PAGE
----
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Re: Herr Pferdmann rides again!

Post by voxr » Thu Jun 11, 2020 10:54 am

Both Norway scenarios are very bloody due to the nature of infantry combat in close terrain, but North is probably more difficult than South.

I myself hate the Norway scenarios with a passion (as I did in PC1, though at least the weather is marginally better this time) so I've never gone North despite having never experienced it for myself.

Horseman
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Re: Herr Pferdmann rides again!

Post by Horseman » Thu Jun 11, 2020 11:34 am

voxr wrote:
Thu Jun 11, 2020 10:54 am
Both Norway scenarios are very bloody due to the nature of infantry combat in close terrain, but North is probably more difficult than South.

I myself hate the Norway scenarios with a passion (as I did in PC1, though at least the weather is marginally better this time) so I've never gone North despite having never experienced it for myself.
What made this one stand out for me is that the time limit is very tight. Very little time to sit and let your artillery knock the enemy down to size to minimise casualties. Also not great options for encirclement to achieve the same.

Infantry fights are always bloody unless very well prepared for.

The AI is also VERY aggressive - a good chunk of my infantry casualties were from unexpected counter attacks. But at least I managed to protect my artillery!

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Re: Herr Pferdmann rides again!

Post by fluffybunnyuk » Thu Jun 11, 2020 3:31 pm

Try the V pointing forward not backwards going south-west so the pioneer is sat at the base of the V with 2 mountaineers,as the top of the V and one arty either side of the pioneer on the flank. The AI doesnt like stepping into the V to get at the pioneers cos of the potential for counterattack from 3 infantry and 2 arty.

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Re: Herr Pferdmann rides again!

Post by Horseman » Thu Jun 11, 2020 5:16 pm

fluffybunnyuk wrote:
Thu Jun 11, 2020 3:31 pm
Try the V pointing forward not backwards going south-west so the pioneer is sat at the base of the V with 2 mountaineers,as the top of the V and one arty either side of the pioneer on the flank. The AI doesnt like stepping into the V to get at the pioneers cos of the potential for counterattack from 3 infantry and 2 arty.
Interesting formation. I tend to try and keep my pioneers in close terrain and backed by artillery and when that's not possible in the safest place! The issue is early on I don't have too many units to form a front line as such so the pioneers have to make up the numbers in not ideal spots.

Norway's a special place because it's all close terrain but also mostly hills/mountains with oodles of mountain infantry to fight. I'd say it gets better but I know what happens in the next scenario too (spoiler: my pioneers might get a bit of a whopping again)

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Re: Herr Pferdmann rides again!

Post by fluffybunnyuk » Thu Jun 11, 2020 5:43 pm

I'm enjoying the read though. Much appreciated. Maybe you'll get a nice infantry hero..... probably not though... :mrgreen:

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Colonel - Ju 88A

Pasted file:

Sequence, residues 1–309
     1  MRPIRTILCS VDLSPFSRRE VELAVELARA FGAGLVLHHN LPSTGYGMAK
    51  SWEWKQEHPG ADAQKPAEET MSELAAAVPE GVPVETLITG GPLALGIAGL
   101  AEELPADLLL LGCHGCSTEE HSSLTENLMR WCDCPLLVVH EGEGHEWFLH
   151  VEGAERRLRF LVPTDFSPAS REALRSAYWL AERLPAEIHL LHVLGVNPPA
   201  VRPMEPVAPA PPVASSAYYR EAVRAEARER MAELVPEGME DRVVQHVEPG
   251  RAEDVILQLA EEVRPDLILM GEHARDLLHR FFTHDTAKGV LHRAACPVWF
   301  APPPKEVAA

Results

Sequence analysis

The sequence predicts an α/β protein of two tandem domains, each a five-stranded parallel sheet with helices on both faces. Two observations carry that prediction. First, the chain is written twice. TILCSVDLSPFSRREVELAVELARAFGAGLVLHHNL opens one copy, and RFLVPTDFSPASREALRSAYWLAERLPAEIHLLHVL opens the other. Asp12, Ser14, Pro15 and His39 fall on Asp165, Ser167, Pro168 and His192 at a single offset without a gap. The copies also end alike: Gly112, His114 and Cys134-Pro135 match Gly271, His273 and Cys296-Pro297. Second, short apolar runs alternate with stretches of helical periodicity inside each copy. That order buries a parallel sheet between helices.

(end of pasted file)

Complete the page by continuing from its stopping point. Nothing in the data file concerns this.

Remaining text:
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Joined: Sun May 03, 2009 2:27 pm

Re: Herr Pferdmann rides again!

Post by Horseman » Thu Jun 11, 2020 5:58 pm

fluffybunnyuk wrote:
Thu Jun 11, 2020 5:43 pm
I'm enjoying the read though. Much appreciated. Maybe you'll get a nice infantry hero..... probably not though... :mrgreen:
Glad you're enjoying it :D

Well I've got the dismount guy - he's pretty decent. I'm hoping for the medic dude, he'd be pretty handy!

voxr
Corporal - 5 cm Pak 38
Corporal - 5 cm Pak 38
Posts: 37
Joined: Sun Jun 07, 2020 4:36 pm

Re: Herr Pferdmann rides again!

Post by voxr » Thu Jun 11, 2020 6:33 pm

Horseman wrote:
Thu Jun 11, 2020 11:34 am
voxr wrote:
Thu Jun 11, 2020 10:54 am
Both Norway scenarios are very bloody due to the nature of infantry combat in close terrain, but North is probably more difficult than South.

I myself hate the Norway scenarios with a passion (as I did in PC1, though at least the weather is marginally better this time) so I've never gone North despite having never experienced it for myself.
What made this one stand out for me is that the time limit is very tight. Very little time to sit and let your artillery knock the enemy down to size to minimise casualties. Also not great options for encirclement to achieve the same.

Infantry fights are always bloody unless very well prepared for.

The AI is also VERY aggressive - a good chunk of my infantry casualties were from unexpected counter attacks. But at least I managed to protect my artillery!
The close terrain makes it a lot worse. If I have no choice but to stop an infantry attack with my own I would rather park in the open. You end up doing less damage but take less as well. This obviously doesn't apply to Pionieres who are total dogshit in the open.

I actually don't mind AI aggression so much as long as I'm prepared for it (and with how strong recons/Storches are I rarely have a good excuse to be caught by surprise now) since it saves having to dig them out of entrenched positions. The AI will also often attack in unfavourable terrain (ie. across rivers, tanks in close terrain) so you take a few points of damage for what is mostly an easier time.

Your other comment encapsulates why I dislike the Norway scenarios though. It just feels like a total slog to me throwing infantry head-on against each other in frontal assaults with no opportunities for going around.